A judge has praised an ‘inspirational’ woman at the centre of a 60 Minutes defamation case for her ‘tremendous resilience and spirit’ after a jury accepted her story of kidnap, captivity and forced marriage.
Her divorced parents Mouhammad and Pamela Tabbaa lost their case against the program which they claimed had defamed them in a broadcast in 2014.
In the NSW Supreme Court on Thursday the jury accepted Nadia Tabbaa was kidnapped at 13, held captive by relatives in Syria and forced to marry her cousin.
Nadia Tabbaa (pictured) was the centre of a 60 Minutes defamation case when she shared her story of being kidnapped by her parents, held captive and forced to marry her cousin
Divorced parents Mouhammad (left) and Pamela Tabbaa (right) lost their case against 60 Minutes which they claimed defamed them in a broadcast about their daughter in 2014
Nadia Tabbaa’s half-brother, Geoffrey Rodgers (pictured), apologised for helping get her to Egypt before she was taken to Syria to live with her abusive grandmother
The jurors also accepted her numerous other claims, including that she was forced to undergo a virginity test in Jordan and her father threatened to slit her throat after she escaped back to Sydney when she was 18.
The verdicts led Justice Des Fagan to say the now 29-year-old, who was not present in court, had shown ‘tremendous resilience and spirit’ and had been quite inspirational.
On Thursday, the jury of three women and one man answered a string of questions, which overall meant they accepted Nine’s defence of truth, except for a news item contending Mr Tabbaa had ‘sold off’ Nadia to her cousin’s family in Syria.
Mr Tabbaa was not in court for the verdicts, but Pamela Tabbaa left the room swiftly after the judge said the jury clearly rejected her evidence which he said was ‘manifestly false from beginning to end’.
But he praised Nadia Tabbaa and her half-brother, Geoffrey Rodgers – the eldest son of Pamela Tabbaa – who were both called by Nine to give evidence during the trial.
Mr Rodgers had apologised in court to his sister for his involvement in getting her to Egypt before she was taken to Syria to live with her abusive grandmother.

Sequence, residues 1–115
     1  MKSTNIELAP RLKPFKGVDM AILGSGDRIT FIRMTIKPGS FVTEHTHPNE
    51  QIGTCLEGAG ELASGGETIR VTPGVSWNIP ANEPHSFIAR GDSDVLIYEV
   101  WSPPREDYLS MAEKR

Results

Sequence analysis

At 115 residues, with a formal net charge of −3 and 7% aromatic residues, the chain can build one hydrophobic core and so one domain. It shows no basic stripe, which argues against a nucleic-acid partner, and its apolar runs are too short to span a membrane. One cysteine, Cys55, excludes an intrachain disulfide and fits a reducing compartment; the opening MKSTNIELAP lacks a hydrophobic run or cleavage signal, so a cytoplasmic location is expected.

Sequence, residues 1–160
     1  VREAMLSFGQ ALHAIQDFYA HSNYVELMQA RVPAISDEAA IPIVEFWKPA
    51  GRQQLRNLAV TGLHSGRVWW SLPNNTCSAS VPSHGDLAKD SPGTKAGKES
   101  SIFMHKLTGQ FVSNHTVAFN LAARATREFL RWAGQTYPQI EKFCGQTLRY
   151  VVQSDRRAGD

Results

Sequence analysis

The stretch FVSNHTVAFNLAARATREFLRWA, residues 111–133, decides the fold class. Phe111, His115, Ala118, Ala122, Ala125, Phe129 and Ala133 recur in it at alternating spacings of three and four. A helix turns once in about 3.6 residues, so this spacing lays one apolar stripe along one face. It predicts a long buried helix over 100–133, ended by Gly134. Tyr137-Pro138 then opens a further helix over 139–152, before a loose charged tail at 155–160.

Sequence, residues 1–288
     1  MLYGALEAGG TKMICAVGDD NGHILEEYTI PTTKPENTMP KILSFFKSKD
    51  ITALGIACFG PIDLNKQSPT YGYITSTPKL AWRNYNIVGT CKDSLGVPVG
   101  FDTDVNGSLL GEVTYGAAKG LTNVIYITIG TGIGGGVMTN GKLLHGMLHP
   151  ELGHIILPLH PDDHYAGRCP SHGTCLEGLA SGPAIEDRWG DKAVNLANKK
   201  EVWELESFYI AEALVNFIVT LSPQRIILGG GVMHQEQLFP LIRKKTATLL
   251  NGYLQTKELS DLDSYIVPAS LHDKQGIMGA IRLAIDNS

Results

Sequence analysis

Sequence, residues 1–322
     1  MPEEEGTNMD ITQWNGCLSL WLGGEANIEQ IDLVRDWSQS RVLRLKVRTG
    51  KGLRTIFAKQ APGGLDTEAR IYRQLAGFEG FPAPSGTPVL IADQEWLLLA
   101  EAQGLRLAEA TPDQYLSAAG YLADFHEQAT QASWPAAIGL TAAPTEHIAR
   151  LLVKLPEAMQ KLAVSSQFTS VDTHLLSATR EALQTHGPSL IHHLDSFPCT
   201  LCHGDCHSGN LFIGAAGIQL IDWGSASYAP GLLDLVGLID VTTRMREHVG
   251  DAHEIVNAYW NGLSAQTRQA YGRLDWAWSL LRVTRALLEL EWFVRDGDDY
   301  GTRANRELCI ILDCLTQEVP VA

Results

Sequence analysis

Nadia Tabbaa (pictured at 13 on her way to Egypt) insisted having personal freedom from the age of eight or nine in the face of ‘very severe repression’ which she suffered in Syria
The court heard Nadia Tabbaa’s father (left) threatened to slit her throat after she escaped back to Sydney when she was 18-years-old after being forced to do a virginity test in Jordan
Pamela Tabbaa (pictured) left the room swiftly after the judge said the jury clearly rejected her evidence which he said was ‘manifestly false from beginning to end’
After the verdicts, Justice Fagan told Mr Rodgers he had presented as a ‘very decent unassuming good man’ who was drawn into something awful and who then acknowledged his wrong-doing.
This was to be commended, he said.
In relation to Nadia Tabbaa, the judge told the jurors he expected their verdicts ‘would be a considerable consolation to her as judgment of her community’.
He commented on her ‘tremendous resilience and spirit’ which had stuck out as she insisted on being entitled to personal freedom from the age of eight or nine in the face of ‘very severe repression’ which she suffered in Syria.
The judge said the now 29-year-old (pictured in 2014), who was not present in court, had shown ‘tremendous resilience and spirit’ and had been quite inspirational
Mr Tabbaa (pictured) was not in the NSW Supreme Court for the verdicts on Thursday
This had been an immense punishment and wrong to her, but her spirit and determination had been ‘quite inspirational’.
‘The person who has been vindicated by your verdicts has been Nadia,’ he said.
Outside court, Mr Rodgers said Nadia would be ‘over the moon’ with the outcome, but he was torn about his mother suffering.
Nine’s lawyer Justin Quill later said the broadcaster would like to thank Ms Tabbaa for her bravery in twice sharing her story – on 60 Minutes and under gruelling cross-examination in court.
’60 Minutes always felt that Nadia’s story was an important one and we commend her for standing up against the treatment she endured,’ he said.